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Immigration Reform

Immigration Raids Targeting Employees End

Oct. 28, 2021
Biden administration will focus instead on “unscrupulous employers.”

Taking a direct swipe at the former Trump administration, Department of Homeland Security (DHS) Secretary Alejandro Mayorkas announced that the federal agency will no longer be mounting workplace raids aimed at arresting illegal immigrants.

“We can most effectively protect the American labor market, the conditions of the American worksite, and the dignity of the individual by focusing our worksite enforcement efforts on unscrupulous employers,” Mayorkas declared.

He also said that the Trump era raids “misallocated enforcement resources” and charged that they were sometimes used for retaliatory purposes, when workers did things like cooperate with workplace standards investigations. Under Biden, the focus instead will be on “exploitative employers” who hire unauthorized workers and who fail to comply with labor standards, such as the wage and hour laws, the DHS secretary explained.

In an Oct. 12 memo to the U.S. Citizenship and Immigration Services, Immigration and Customs Enforcement, and Customs and Border Protection agencies of DHS, Mayorkas said the department will adopt policies and practices intended to achieve the these aims:

• Reduce the demand for illegal employment by delivering more severe consequences to exploitative employers and their agents.

• Increase the willingness of workers to report violations of law by exploitative employers and cooperate in employment and labor standards investigations.

• Broaden and deepen mechanisms for coordination between DHS and the Department of Labor, Department of Justice, Equal Employment Opportunity Commission, National Labor Relations Board, and state labor agencies.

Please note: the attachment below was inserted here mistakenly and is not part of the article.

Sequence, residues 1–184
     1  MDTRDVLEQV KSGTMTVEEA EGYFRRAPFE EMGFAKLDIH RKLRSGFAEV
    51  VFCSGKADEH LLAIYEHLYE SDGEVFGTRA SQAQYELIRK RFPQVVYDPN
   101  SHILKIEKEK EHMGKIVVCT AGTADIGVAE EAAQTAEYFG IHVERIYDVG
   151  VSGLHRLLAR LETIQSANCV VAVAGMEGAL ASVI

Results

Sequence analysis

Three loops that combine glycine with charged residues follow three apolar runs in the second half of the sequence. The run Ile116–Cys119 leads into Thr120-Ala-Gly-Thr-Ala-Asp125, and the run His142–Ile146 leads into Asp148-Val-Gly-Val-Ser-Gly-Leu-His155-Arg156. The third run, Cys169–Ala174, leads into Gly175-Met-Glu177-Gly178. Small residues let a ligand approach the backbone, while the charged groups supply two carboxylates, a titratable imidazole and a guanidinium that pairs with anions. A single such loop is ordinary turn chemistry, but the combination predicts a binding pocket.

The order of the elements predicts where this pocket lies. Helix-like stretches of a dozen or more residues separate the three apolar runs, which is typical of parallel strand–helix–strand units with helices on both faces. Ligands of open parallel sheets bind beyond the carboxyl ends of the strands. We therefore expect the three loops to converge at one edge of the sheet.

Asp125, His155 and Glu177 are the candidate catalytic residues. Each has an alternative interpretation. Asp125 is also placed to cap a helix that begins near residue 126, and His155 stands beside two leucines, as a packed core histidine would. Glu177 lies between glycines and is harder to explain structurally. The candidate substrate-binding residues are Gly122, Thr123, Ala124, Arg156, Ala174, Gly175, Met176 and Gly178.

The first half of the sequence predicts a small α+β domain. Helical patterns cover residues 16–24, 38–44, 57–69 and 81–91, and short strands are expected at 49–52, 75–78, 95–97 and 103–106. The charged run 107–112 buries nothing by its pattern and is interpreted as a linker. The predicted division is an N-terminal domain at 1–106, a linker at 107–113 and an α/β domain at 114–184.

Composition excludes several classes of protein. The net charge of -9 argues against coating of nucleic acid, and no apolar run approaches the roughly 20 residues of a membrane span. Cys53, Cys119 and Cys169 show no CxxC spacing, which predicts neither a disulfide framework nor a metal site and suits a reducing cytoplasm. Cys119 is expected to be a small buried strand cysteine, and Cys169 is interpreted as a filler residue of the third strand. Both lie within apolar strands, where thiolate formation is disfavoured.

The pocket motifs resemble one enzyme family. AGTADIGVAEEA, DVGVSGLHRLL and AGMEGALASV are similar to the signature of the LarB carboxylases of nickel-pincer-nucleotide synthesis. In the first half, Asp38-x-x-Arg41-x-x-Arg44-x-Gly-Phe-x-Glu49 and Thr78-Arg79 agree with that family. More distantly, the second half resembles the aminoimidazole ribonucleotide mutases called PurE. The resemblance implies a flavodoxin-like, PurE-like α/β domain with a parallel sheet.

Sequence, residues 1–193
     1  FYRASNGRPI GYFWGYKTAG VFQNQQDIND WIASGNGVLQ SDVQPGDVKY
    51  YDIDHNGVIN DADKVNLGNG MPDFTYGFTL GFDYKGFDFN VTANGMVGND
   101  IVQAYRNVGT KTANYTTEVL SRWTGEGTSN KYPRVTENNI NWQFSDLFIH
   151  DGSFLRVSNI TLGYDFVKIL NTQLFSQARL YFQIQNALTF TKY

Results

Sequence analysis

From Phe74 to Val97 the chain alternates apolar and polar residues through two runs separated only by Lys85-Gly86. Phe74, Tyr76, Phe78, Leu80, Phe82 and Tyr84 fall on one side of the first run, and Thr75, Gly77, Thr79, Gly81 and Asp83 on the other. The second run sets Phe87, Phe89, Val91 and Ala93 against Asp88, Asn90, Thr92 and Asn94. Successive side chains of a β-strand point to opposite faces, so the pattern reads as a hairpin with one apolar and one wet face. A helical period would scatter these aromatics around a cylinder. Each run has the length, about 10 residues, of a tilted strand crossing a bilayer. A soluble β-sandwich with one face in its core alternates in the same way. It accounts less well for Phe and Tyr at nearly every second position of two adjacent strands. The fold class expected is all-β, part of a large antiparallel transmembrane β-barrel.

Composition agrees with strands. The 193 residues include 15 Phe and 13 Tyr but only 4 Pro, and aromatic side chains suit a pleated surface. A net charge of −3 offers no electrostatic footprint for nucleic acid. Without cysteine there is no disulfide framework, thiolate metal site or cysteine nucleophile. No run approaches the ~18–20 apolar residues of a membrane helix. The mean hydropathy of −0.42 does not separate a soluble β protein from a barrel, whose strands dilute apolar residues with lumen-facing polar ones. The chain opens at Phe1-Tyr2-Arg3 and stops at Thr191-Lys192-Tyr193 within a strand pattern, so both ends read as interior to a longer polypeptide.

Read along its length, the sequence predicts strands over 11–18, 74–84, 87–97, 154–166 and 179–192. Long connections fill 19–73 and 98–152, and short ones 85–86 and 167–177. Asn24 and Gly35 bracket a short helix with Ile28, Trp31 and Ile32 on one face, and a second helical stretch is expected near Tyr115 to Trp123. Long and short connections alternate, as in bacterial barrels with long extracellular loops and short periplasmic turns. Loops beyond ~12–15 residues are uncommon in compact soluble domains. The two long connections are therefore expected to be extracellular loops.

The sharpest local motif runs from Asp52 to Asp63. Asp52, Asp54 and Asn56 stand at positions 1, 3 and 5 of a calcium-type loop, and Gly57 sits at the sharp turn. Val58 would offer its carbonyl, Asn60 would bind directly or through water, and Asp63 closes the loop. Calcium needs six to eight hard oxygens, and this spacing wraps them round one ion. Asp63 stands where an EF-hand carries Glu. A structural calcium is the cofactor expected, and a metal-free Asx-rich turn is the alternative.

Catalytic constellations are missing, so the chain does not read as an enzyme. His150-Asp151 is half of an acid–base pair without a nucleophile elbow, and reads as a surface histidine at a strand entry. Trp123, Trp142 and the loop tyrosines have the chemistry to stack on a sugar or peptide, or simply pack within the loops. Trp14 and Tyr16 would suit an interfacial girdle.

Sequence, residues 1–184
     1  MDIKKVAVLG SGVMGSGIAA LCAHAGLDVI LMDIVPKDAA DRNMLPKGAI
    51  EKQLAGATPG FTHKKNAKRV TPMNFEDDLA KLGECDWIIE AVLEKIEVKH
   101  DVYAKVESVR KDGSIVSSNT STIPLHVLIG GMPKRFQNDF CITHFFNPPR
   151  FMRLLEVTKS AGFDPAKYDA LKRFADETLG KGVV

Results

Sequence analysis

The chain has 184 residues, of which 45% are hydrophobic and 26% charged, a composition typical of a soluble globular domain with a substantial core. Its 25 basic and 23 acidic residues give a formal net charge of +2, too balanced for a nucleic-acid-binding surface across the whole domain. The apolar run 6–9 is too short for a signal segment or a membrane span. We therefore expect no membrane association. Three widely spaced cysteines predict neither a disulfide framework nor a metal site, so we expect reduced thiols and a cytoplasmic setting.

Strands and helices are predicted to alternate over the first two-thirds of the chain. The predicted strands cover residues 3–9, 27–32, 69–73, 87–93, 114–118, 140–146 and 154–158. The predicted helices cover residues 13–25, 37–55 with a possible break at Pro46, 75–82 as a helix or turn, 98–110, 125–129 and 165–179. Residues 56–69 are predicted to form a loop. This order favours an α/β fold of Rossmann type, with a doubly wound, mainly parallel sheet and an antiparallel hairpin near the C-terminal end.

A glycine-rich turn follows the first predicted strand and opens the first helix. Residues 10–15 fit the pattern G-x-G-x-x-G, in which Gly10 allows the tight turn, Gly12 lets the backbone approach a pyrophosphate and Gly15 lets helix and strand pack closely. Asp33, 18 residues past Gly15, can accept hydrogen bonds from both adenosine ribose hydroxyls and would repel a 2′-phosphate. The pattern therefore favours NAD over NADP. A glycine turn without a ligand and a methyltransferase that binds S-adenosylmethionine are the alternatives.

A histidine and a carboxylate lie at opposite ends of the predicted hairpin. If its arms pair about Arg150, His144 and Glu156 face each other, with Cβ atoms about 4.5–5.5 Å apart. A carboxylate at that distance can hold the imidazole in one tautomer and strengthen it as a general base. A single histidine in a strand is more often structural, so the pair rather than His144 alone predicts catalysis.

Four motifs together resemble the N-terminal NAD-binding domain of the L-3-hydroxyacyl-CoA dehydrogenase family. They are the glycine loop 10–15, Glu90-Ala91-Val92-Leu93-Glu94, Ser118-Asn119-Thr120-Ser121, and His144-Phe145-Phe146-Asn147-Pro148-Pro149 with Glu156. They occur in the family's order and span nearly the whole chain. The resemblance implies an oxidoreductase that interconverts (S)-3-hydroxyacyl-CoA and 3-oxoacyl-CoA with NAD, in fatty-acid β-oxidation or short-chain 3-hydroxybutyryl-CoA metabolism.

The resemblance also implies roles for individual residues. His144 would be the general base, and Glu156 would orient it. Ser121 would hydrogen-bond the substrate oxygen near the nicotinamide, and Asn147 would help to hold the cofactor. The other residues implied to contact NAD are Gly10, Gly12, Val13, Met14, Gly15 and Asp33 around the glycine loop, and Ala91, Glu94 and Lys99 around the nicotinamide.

The Trump DHS had been far more aggressive than previous administrations when it came to workplace immigration raids, especially since stemming the tide of illegal immigration had been one of the President’s major policy positions during his 2016 campaign, which featured his promise to build a wall along the country’s southern border.

One complaint in the past had been that these kinds of crackdowns on these businesses often resulted in having devastating impacts on the illegal immigrants and their families, while the employers usually received only a relative slap of the wrist.

The result was that workplace raids were relatively rare under both Democrat and Republican administrations. That changed under Trump, where mass raids become much more common, and federal enforcers came down hard on business owners, imposing big penalties. The goal was to make examples of them for other employers who often relied heavily on illegal immigrant labor, showing what they could face if they didn’t clean up their acts..

Employers Are Warned

The Mayorkas memo seems to make it very clear that while employers will be targeted under immigration and labor laws, the employees are unlikely to find themselves caught in any sort of deportation process—a policy that coincides with DHS practice in dealing with other illegal immigrants who have been crossing the border en masse since Biden took office.